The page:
In the Before Time, when I regularly had dinner in restaurants, there was always an exciting moment when the waiter started reciting the dessert specials. Sometimes the first few words were enough: I'd listen politely to the whole list, but the fact is, he had me as soon as he said "strawberry and chocolate". Or "pear and walnut". Or "ginger peach".
There are so many iconic flavor combinations in desserts, and if this blog goes on long enough, I'll visit them all. For me, chocolate and berries are almost always a great pairing. And so today...blackberry and white chocolate cake.
I hesitated to even call this a cake; it has a number of unusual features. First of all, it contains absolutely no flour. This not only makes the cake layers unusually tender and silky, it also seems to intensify the chocolate flavor. In my mind, it represents some extreme of what a cake can be: light and airy, silky and moist, chocolate-y and decadent. Today's version is a white chocolate rendition, but I promise there is a dark chocolate version on the horizon.
The cake layers are alternated with layers of mousse. This mousse is also unusual: it's made much like chocolate mousse, but with a jammy fruit compote instead of chocolate. I ran across the recipe long ago, and have never seen another like it. It contains no gelatin, and will separate if allowed to sit too long. It reminds me of a really good blackberry sorbet, with a sharp fresh-fruit flavor and a divinely airy texture.
This cake has no frosting, and needs none. It's so light that frosting would just weigh it down. You can serve it perfectly plain, or garnish it with a sprinkle of cocoa powder, a grating of dark chocolate, or a few fresh berries, if you're feeling fancy.
Putting all this together results in a cake that is cloud-like on the plate and pretty to look at ... but most importantly, a flavor sensation not easily forgotten.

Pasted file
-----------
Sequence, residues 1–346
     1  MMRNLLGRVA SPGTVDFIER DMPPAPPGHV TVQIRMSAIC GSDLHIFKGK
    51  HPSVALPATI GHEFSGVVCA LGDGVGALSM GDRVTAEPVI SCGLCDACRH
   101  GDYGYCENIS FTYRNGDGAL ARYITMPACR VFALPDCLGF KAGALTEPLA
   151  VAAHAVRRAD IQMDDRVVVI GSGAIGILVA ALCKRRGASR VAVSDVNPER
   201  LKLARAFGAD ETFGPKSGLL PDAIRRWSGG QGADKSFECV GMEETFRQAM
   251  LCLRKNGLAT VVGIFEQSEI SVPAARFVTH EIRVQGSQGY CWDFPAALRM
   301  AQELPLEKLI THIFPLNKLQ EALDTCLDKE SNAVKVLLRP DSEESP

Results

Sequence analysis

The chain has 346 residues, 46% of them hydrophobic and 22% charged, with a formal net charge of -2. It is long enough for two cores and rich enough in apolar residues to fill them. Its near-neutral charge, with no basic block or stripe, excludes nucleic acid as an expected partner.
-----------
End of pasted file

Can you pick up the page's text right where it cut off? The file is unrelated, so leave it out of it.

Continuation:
Life takes funny turns sometimes. I started out trying to create a half-size version of a roulade I remember making a decade ago, and I ended up with a layer cake that has essentially none of the flavors of the original. And yet, every step of the way seemed like a logical evolution of the recipe.
I think I first made a flourless roulade when the Office Manager was diagnosed with celiac disease. In those days, gluten-free flours were generally
unspeakably bad terrible nasty disappointing, so any baked good that was actually flourless would catch my eye. I have two similar versions of dark chocolate roulade in two different cookbooks: Elizabeth Wolf Cohen's The Chocolate Cookbook and Betty Rosbottom's Cooking School Cookbook. Judging from the spatters on the pages, I'm pretty sure I've made them both in the past. The full-size roulade was very popular here at Half-Size Headquarters, and was usually paired with quartered fresh strawberries stirred into sweetened whipped cream. I thought I could re-create that cake in half-size version, and came to a sad conclusion: a half-size cake is harder to roll than a full-size cake. Every attempt split right through when I tried to roll it up.
I still want to figure out how to make that half-size chocolate roll, but eating the split, rejected roulades (messy, but unmistakably delicious) got me thinking: isn't there a way to get the same taste and texture, but with less swearing and frustration? The secret is to divide the roulade batter among an appropriate number of layers, and then handle each layer as little as possible to avoid breakage once it is baked. I had also made enough dark chocolate roulades in quick succession that I was looking for new flavors. Would white chocolate work just as well? Indeed, it does.
White chocolate cake seemed to call for some visual, as well as flavor, contrast. That's when I thought of this mousse. The original was a raspberry mousse from "Raspberry Mousse Pie in a Brownie Fudge Crust" in Betty Rosbottom's Cooking School Cookbook. This was another recipe that I had been wanting to both half-size and simplify: the original is not only large, but I always found the gluten-free version of the brownie crust, although delicious, to be prone to cracking. Again, I wanted to move away from desserts that fall apart and leave you frustrated at the moment of serving.
Betty's mousse recipe called for raspberries frozen in heavy syrup, which were commonly available when she wrote the cookbook; I have adapted the recipe to use unsweetened raspberries instead. This time, I used blackberries, which give a very similar, but slightly stronger, flavor.
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